Houston Brown Jr. is an accountant and a meeting planner — two jobs that complement each other well, he says.

“As an accountant, I know what money is actually there. And as a meeting planner, I use techniques to get it accomplished,” he explains.

For example, last year at the RCMA conference he attended one of the Behind-the-Scenes offerings. In a session on room setup, he learned a centerpiece idea that he put into use recently. It saved the meeting money.

“That's why I enjoy going to RCMA. It puts into perspective all the parts of the business,” he says.

Brown owns an accounting firm with a five-person staff, and his firm specializes in church finances. His job titles with the Church of Jesus Christ Inc., in Washington, D.C., include not only meeting planner, but also trustee, corporate secretary, business manager, and senior administrator. He's been working for the 500-member church since 1987.

Six Meetings, One Planner

In his role as a meeting planner for the church, Brown oversees six events, including three regional meetings that involve the diocese for his church, a region covering Pennsylvania to North Carolina that is made up of 20 congregations.

Those events, which involve 600 to 1,000 people, are held annually in January, May, and September. Over Labor Day weekend every other year, the major event for the church brings together 1,600 to 2,000 people. Smaller meetings of 50 to 100 people are held for women in October and men in April. The women's and men's retreats are mostly for lay people, but the others are leadership-training events that include seminars and worship opportunities for lay people and families.

Because meeting planning is just one part of his role, Brown has had to find efficient methods for getting the job done. “Somebody's got to be able to help,” Brown remembers thinking when he started as a meeting planner. “There's got to be someone who knows what to do.”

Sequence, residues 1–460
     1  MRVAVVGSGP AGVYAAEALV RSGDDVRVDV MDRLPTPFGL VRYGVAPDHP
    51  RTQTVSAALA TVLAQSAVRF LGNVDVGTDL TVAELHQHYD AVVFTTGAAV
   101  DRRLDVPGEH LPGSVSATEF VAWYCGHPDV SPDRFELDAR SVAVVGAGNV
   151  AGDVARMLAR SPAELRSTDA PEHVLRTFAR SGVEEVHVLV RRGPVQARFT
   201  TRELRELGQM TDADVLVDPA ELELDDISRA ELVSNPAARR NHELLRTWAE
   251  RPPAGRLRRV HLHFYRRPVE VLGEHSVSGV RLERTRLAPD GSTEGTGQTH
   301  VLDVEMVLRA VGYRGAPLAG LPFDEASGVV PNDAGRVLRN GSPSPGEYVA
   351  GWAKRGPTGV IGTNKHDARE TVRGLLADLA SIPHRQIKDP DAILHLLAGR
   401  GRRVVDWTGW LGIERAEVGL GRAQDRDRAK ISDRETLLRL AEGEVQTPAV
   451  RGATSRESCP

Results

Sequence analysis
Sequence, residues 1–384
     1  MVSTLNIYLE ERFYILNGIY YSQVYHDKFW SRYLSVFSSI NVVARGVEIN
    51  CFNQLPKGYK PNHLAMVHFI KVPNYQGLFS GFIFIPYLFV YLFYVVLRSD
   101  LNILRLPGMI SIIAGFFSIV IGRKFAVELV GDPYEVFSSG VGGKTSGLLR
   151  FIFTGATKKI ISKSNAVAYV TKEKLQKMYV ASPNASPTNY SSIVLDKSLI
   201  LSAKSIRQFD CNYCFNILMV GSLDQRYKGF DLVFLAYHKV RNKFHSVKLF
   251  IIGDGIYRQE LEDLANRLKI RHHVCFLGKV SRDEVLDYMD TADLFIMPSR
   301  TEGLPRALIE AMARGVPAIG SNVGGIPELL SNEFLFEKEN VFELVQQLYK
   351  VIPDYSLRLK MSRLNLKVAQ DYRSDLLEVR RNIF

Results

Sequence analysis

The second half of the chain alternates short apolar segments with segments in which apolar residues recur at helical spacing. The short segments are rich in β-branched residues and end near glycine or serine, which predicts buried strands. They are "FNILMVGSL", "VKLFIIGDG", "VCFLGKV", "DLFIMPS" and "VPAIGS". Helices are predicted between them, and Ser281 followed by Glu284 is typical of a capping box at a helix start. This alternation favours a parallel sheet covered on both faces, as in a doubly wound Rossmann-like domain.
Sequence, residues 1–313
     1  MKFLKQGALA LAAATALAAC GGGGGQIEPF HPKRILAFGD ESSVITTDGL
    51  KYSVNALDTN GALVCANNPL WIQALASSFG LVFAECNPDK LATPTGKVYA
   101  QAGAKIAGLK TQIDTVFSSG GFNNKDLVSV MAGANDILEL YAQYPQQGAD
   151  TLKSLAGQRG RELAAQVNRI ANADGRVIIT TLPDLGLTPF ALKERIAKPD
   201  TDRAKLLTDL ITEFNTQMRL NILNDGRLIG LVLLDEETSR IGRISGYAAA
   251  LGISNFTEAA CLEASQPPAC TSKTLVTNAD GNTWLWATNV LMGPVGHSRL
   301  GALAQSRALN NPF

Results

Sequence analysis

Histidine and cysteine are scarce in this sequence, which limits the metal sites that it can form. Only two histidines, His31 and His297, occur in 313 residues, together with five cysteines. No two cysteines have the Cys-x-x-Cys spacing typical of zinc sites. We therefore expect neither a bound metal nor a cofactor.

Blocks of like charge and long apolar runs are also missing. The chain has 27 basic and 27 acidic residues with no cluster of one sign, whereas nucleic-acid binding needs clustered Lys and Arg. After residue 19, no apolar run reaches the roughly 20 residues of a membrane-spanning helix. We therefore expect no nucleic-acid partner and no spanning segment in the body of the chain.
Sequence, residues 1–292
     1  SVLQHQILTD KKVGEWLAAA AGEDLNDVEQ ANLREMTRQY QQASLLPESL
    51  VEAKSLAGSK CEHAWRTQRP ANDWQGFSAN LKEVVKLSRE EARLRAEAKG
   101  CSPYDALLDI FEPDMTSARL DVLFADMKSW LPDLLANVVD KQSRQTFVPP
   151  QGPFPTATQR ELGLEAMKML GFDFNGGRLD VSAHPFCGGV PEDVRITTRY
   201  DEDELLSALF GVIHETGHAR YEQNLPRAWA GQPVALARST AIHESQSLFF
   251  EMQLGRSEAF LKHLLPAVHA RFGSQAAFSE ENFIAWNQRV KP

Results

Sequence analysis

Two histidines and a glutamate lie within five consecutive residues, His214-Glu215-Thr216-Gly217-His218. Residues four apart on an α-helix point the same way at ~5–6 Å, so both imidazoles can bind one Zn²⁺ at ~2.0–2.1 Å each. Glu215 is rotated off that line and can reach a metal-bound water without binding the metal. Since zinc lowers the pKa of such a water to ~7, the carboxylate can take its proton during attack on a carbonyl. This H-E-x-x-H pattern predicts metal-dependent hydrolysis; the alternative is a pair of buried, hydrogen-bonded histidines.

The answer to his dilemma came to him by happenstance. “I was at a hotel, and someone asked me if I as a member of RCMA. I said, ‘Can you tell me what that means?’” Brown recalls with a laugh.

He's been an RCMA member for about seven years now. “What I think is so invaluable is the training it provides,” Brown says, mentioning sessions on contract issues and networking as two of the more valuable benefits of membership.

Real-World Value

He recently put RCMA training into real-life use as he negotiated with a hotel to refund money on a recent meeting. Armed with knowledge that he had gained at RCMA, Brown was able to get the hotel to give him relief — reducing a fee from $56,000 to $18,000.

“If I hadn't been sitting in that class last year, it wouldn't have happened,” Brown says.

In addition to the seminars, attending RCMA allows him to get to know hotel and convention-bureau representatives, saving him a lot of travel.

And Brown says RCM is a useful reference, and he uses it as a teaching tool for his church assistants.

The Internet has also proven to be a helpful tool for Brown, increasing his efficiency. He uses it to narrow hotel and city choices, minimizing travel time. “It's still good to take a physical look” at properties, he says. “But at least you can limit it to a couple of places.”

Brown believes that a meeting planner needs to have organization skills as well as be willing to negotiate, be willing to look at new ideas, pay attention to what attendees want, and be flexible enough to make it work.

The groups that he works with try to plan events two years out, deciding on the location and finding the hotel. Brown tries to do most of the organization early, using the hotels and convention bureaus to carry to out his organization's wishes. “Then I just sit back and start acting as the middleman,” he says.